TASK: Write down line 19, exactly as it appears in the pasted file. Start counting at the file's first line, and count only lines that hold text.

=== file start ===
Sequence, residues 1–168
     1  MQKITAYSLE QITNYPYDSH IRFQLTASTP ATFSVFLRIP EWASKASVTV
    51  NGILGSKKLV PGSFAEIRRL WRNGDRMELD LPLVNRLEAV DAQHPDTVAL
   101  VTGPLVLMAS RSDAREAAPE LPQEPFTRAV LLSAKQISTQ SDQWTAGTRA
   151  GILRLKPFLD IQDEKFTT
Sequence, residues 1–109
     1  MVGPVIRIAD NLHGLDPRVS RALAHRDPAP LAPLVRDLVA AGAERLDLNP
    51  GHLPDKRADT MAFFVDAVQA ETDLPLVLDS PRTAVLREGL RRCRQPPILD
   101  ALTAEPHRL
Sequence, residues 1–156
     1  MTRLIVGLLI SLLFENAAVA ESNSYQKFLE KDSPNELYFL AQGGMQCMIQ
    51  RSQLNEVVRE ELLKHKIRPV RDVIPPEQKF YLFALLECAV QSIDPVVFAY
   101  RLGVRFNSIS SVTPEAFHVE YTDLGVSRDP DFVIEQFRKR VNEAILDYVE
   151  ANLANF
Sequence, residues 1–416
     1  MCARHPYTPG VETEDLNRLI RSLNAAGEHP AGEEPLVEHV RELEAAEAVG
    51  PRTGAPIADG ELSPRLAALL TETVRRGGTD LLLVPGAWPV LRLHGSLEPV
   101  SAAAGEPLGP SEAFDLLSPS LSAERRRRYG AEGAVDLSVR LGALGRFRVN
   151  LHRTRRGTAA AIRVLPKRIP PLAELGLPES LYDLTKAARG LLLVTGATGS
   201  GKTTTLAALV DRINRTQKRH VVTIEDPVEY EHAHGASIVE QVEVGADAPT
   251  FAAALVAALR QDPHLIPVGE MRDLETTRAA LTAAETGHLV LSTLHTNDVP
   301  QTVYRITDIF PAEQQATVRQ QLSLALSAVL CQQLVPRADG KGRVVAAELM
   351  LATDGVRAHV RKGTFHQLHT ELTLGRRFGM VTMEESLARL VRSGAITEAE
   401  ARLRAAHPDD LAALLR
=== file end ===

   151  LHRTRRGTAA AIRVLPKRIP PLAELGLPES LYDLTKAARG LLLVTGATGS